A RelationValue object does not reference all objects directly. For the target, it uses an ID that it gets from the IntId utility. This ID allows direct recovery of the object. The source object stores it directly.

Widgets are provided by plone.app.z3cform, and some converters are provided by plone.app.relationfield. The widget that Plone uses can also store objects directly. Because of this, the following happens when saving a relation via a form:

  1. The HTML shows some nice representation of selectable objects.

  2. When the user submits the form, selected items are submitted by their UUIDs.

  3. The widget retrieves the original object with the UUID.

  4. Some data manager gets another unique ID from the IntId utility.

  5. The same data manager creates a RelationValue from this ID, and stores this relation value on the source object.

  6. Some event handlers update the catalogs.

You could delete a relation using delattr(rel.from_object, rel.from_attribute). This is a terrible idea. When you define in your schema that one can store multiple RelationValues, your relation is stored in a list on this attribute.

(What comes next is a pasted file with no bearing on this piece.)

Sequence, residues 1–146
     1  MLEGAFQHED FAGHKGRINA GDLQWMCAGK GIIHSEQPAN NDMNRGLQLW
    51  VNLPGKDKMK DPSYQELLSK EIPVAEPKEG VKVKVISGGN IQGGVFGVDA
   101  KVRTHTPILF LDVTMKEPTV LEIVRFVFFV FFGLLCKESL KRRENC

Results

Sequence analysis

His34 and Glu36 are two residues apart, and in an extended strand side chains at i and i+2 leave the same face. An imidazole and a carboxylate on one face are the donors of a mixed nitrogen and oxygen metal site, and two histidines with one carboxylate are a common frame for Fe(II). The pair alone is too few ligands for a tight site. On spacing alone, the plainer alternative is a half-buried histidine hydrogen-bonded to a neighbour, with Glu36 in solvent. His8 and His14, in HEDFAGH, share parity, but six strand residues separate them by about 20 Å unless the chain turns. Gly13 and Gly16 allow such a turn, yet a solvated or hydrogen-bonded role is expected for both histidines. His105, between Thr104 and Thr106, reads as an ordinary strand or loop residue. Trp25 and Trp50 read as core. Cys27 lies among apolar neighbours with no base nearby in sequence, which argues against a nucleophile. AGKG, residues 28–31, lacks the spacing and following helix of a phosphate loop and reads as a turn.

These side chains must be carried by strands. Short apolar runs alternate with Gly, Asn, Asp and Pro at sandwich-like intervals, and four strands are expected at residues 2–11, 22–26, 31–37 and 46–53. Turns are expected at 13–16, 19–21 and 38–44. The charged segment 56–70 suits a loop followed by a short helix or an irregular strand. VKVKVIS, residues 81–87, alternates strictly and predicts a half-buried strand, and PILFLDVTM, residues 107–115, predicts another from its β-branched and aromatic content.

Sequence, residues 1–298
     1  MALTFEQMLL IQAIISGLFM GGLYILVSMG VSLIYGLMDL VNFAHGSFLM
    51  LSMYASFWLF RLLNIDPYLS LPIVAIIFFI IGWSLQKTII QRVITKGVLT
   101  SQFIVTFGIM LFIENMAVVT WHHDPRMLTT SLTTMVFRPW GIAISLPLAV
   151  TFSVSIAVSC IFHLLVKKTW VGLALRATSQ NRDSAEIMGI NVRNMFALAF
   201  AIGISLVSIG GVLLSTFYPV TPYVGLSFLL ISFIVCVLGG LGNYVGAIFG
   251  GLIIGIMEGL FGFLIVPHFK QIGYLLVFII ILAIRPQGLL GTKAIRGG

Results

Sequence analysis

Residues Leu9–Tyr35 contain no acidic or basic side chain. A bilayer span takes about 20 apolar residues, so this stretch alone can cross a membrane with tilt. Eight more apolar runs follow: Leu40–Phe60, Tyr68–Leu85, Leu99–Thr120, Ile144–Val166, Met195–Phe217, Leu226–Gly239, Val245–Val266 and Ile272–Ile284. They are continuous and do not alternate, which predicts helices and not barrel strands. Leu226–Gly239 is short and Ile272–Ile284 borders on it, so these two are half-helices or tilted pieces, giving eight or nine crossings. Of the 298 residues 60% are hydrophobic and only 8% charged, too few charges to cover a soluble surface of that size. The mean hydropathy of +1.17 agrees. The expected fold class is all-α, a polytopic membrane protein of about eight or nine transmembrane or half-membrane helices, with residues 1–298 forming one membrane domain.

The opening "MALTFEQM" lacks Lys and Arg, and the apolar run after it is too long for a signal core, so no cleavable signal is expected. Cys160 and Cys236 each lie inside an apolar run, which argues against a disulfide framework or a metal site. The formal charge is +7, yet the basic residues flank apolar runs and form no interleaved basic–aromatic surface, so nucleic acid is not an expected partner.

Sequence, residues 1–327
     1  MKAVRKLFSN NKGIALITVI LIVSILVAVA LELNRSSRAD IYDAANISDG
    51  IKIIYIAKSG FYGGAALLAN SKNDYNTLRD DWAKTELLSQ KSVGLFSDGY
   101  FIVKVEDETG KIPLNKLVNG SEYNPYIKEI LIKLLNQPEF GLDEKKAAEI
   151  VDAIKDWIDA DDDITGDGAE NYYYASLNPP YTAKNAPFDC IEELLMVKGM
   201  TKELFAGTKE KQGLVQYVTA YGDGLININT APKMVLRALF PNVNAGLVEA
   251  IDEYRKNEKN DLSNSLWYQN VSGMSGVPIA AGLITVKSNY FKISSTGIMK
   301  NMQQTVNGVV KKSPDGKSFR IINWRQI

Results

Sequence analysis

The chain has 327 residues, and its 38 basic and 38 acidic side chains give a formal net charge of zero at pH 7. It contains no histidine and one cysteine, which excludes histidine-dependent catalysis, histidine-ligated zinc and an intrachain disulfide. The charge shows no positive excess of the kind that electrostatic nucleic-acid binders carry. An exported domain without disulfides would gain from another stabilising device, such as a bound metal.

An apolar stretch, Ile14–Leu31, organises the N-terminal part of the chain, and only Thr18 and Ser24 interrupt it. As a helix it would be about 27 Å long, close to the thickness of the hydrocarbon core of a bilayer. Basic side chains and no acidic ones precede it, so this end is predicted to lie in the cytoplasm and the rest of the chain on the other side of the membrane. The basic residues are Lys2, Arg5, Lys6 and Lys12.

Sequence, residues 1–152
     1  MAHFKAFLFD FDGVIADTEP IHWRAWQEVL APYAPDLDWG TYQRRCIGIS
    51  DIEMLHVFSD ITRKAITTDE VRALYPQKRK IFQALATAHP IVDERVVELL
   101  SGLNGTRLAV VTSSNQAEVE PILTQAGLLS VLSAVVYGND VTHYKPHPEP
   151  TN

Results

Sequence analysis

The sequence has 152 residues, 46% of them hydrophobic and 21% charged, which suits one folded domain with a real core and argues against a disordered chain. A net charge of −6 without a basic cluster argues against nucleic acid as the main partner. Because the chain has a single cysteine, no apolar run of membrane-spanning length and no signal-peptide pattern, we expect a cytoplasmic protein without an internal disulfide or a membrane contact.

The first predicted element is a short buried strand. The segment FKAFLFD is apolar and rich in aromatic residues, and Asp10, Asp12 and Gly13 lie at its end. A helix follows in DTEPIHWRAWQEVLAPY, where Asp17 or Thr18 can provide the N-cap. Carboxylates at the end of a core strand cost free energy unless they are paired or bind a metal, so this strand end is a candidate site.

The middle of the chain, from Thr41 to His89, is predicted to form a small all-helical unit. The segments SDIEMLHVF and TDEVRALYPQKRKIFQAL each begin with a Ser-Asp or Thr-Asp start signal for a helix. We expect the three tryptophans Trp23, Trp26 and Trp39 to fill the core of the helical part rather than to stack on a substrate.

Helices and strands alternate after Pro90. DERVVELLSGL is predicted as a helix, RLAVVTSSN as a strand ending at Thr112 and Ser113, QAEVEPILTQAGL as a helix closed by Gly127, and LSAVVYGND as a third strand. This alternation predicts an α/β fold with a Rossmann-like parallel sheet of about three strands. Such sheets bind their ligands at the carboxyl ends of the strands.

Relations depend on a lot of infrastructure to work. This infrastructure in turn depends a lot on event handlers being called properly. When this is not the case, things can break. Because of this, there is a method isBroken which you can use to check if the target is available.

There are alternatives to using relations. You could instead just store the UUID of an object. But using real relations and the catalog allows for very powerful things. The simplest concrete advantage is the possibility to see what links to your object.

The built-in linkintegrity feature of Plone 5 is also implemented using relations.

RelationValues#

RelationValue objects have a fairly complete API. For both target and source, you can receive the IntId, the object, and the path. On a RelationValue, the terms source and target are not used. Instead, they are from and to. Thus the API for getting the target uses:

  • to_id

  • to_path

  • to_object

In addition, the relation value knows under which attribute it has been stored as from_attribute. It is usually the name of the field with which the relation is created. But it can also be the name of a relation that is created by code, for example, through link integrity relations (isReferencing) or the relation between a working copy and the original (iterate-working-copy).